I enjoyed your post. I gave tours at the Mammoth Site in Hot Springs for a couple of summers while in college, so I can identify with the phenomenon of the recorded message stored inside the brain, in a special spot that can recall the information and spout it out while sleeping in a work shirt standing in front of a group of tourists.
It was always a dream of mine to read the entire set, but I couldn’t get past the first one; the house in the woods one. Instead of just starting with the next book, I’d start with the first one again, determined to read them “start-to-finish”. But, I did tune in every Monday night at 7, thinking I would just get the story on tv. Now I’m smart enough to know I’ll STILL have to read the books to get the REAL story.
Can’t believe you worked in Hot Springs! I have family that owns a campground in Hot Springs. Small world.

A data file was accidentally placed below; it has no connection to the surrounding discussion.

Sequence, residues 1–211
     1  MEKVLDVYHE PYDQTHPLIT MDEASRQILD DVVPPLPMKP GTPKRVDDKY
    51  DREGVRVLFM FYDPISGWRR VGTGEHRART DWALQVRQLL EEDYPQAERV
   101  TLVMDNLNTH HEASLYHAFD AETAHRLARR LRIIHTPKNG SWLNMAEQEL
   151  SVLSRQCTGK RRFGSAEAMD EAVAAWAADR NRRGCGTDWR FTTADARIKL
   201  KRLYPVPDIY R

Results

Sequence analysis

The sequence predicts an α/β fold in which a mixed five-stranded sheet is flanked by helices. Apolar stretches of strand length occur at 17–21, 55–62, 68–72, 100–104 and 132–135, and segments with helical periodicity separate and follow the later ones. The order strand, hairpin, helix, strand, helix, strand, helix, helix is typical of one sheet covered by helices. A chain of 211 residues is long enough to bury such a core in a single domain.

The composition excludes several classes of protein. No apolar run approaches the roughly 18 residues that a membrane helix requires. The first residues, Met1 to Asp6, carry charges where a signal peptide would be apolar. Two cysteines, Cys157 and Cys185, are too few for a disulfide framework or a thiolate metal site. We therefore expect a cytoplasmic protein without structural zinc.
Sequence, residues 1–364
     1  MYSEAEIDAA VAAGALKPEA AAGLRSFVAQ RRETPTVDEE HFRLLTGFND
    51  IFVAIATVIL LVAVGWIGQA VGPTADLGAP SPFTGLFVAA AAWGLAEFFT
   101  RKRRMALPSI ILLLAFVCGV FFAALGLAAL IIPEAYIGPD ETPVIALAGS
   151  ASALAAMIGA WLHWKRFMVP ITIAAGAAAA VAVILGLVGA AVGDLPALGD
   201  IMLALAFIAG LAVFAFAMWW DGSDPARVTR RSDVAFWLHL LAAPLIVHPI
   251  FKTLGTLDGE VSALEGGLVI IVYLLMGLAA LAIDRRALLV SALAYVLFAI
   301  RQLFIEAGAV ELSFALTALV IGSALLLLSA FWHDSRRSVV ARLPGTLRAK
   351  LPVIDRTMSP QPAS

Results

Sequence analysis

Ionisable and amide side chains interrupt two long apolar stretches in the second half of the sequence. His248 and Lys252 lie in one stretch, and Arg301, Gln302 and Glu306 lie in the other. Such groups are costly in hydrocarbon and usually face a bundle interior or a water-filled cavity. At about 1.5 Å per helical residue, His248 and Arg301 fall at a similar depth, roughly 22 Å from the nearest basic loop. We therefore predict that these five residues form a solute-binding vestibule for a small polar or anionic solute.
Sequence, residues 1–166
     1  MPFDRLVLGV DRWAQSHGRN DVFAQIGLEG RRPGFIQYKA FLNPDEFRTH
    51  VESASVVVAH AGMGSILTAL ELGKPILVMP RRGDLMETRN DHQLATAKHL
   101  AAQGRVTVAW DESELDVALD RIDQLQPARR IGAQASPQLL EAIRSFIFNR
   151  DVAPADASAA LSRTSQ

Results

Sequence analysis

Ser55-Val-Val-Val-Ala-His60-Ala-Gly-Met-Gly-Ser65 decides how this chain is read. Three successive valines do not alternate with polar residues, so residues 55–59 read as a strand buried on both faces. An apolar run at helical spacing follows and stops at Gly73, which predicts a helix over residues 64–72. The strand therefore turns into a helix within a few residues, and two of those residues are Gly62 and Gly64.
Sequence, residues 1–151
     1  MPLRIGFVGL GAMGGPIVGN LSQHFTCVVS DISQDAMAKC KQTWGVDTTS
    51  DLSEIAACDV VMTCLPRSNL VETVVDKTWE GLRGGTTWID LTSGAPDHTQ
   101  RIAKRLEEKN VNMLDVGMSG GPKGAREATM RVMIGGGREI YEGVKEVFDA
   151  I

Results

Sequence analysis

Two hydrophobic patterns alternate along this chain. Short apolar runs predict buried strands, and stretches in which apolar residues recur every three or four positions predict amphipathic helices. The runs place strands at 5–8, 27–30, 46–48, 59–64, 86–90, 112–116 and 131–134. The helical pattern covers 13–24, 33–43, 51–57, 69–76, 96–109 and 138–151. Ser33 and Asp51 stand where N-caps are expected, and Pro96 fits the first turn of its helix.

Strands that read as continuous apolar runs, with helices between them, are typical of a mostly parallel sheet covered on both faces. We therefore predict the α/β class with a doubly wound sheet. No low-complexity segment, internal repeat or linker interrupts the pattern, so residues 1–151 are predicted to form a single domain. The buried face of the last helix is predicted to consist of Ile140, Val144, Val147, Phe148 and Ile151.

Hey! You look like Abby on NCIS! Love that gal! Love you too!
I often thought about the missed opportunity of being a tour guide but I definitely did NOT have the temperment to be sweetly pleasing when I had sweat pouring down body parts in a stifling (read “claustrophobic”) room. I much preferred the position of guiding cars to their parking places while on horseback – drinking in the prairie a We have family in hot springs? ir. And dust. And car exhaust.
I guess we all had our hazards to deal with.
That last entry didn’t end right – stupid android!
…drinking in the prairie air…
Ending with “We have family who own a campsite in hot springs?”
Just me. 😉
Yeah, I noted the oddness, but I could see what you meant. The comment reply about Hot Springs was written by Kelly. My only question is “Prairie air? What have you really been drinking?” 😉